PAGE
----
Page last updated at 18:18 GMT, Friday, 27 March 2009

Fears cat deaths could be poison

The deaths of nine cats in Bristol could be down to being poisoned by anti-freeze, a vet has suggested.

The majority of the deaths were reported in the Brislington area of the city during the past few months.

RSPCA spokeswoman, Jo Barr, said it was not clear where the anti-freeze may be coming from.

She said it was difficult to tell if there was a malicious motive behind the deaths or if the source could be a car leaking onto a garage or driveway.

"It is possible the source could be an old leaking car sitting in a garage or on a driveway. But it is equally possible that this is deliberate," Ms Barr said.

'Sweet taste'

Anti-freeze is attractive to cats because of its apparent sweet smell and taste. However, it causes kidney and liver failure which are fatal if not treated immediately.

Ms Barr added: "We do know of cases when people have laced fish and cat food etc to target cats."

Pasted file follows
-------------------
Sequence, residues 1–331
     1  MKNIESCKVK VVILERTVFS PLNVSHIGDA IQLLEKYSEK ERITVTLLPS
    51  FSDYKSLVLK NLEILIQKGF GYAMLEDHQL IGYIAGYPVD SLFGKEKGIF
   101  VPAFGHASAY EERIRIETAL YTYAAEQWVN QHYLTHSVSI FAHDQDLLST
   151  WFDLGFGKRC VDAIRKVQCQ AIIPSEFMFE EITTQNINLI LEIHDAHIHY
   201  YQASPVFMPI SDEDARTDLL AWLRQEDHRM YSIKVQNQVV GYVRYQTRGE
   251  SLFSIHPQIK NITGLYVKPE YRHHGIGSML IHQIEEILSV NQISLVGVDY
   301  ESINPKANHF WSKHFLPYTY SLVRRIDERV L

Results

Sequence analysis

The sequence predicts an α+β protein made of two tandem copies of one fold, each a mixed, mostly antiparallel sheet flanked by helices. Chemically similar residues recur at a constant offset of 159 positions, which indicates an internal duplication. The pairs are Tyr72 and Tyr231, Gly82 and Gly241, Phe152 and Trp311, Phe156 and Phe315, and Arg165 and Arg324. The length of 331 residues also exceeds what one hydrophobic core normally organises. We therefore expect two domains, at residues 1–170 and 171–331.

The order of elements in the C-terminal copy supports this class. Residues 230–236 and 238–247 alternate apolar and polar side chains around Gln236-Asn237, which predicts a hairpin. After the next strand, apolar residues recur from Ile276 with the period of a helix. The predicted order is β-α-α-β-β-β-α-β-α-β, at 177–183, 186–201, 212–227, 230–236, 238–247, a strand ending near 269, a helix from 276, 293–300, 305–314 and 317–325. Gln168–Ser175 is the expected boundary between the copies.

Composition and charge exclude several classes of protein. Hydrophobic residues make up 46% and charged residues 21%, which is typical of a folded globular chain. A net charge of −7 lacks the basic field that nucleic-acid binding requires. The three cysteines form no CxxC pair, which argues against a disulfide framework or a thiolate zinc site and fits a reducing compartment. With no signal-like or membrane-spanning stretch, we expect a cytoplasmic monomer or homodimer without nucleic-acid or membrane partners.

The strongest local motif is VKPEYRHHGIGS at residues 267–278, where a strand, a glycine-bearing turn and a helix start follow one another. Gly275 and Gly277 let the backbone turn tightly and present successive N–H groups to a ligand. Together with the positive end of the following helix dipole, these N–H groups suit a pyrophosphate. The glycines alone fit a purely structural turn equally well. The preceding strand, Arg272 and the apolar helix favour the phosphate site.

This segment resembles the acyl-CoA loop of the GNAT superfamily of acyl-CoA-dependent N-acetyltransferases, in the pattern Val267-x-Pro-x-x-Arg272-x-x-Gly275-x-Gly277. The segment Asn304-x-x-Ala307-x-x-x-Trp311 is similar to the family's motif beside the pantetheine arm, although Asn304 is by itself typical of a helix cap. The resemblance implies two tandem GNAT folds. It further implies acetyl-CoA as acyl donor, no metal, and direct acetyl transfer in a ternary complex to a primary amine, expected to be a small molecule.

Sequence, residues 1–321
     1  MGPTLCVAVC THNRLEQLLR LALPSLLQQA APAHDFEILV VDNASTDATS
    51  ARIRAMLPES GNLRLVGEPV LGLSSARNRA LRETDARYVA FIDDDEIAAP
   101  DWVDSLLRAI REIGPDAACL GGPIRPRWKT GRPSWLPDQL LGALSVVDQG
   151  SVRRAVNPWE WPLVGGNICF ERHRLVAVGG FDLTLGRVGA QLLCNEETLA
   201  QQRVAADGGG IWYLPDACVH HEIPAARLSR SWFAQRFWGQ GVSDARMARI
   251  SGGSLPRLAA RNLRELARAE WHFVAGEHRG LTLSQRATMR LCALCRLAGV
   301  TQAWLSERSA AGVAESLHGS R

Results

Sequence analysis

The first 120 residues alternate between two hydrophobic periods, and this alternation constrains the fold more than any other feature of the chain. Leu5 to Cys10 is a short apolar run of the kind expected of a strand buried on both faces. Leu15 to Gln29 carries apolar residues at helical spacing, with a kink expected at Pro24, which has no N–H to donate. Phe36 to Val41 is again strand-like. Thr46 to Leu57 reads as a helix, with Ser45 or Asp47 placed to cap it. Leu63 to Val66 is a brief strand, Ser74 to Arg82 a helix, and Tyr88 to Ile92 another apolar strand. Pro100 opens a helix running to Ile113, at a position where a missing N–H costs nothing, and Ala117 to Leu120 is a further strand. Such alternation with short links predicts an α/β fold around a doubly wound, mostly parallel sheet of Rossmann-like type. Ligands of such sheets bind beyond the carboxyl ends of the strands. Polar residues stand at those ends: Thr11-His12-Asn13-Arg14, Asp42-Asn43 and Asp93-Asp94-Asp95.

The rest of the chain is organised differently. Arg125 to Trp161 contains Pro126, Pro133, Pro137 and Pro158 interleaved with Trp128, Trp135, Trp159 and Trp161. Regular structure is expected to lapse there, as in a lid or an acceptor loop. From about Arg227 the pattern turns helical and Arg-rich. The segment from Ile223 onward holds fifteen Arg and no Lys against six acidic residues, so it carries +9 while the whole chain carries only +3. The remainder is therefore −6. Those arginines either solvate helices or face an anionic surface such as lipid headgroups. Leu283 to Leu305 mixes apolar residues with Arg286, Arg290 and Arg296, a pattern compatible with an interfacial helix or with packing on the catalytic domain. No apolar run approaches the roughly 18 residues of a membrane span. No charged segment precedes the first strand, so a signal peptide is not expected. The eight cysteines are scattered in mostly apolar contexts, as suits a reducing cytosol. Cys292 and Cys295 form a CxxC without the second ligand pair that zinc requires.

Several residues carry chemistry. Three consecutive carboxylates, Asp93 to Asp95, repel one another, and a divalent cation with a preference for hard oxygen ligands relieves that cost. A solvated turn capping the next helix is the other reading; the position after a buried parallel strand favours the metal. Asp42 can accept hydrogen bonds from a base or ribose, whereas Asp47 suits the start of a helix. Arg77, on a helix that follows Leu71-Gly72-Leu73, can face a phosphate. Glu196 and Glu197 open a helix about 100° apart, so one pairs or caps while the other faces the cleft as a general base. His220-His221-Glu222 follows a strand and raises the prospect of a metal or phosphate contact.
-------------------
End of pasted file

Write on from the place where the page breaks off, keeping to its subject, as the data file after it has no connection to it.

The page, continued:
A spokesman for Highcroft Veterinary Group, which has treated some of the animals, has advised owners to contact their veterinary surgeon if their cat is displaying symptoms including vomiting, not eating, lethargy, or seizures.

It has also asked the public to be careful when handling or disposing of anti-freeze products.

Print Sponsor

Anti-freeze cat poisoner sought
06 Aug 08 |  Somerset
RSPCA fears over cat poisonings
06 Nov 08 |  West Midlands

The BBC is not responsible for the content of external internet sites

Has China's housing bubble burst?
How the world's oldest clove tree defied an empire
Why Royal Ballet principal Sergei Polunin quit


Americas Africa Europe Middle East South Asia Asia Pacific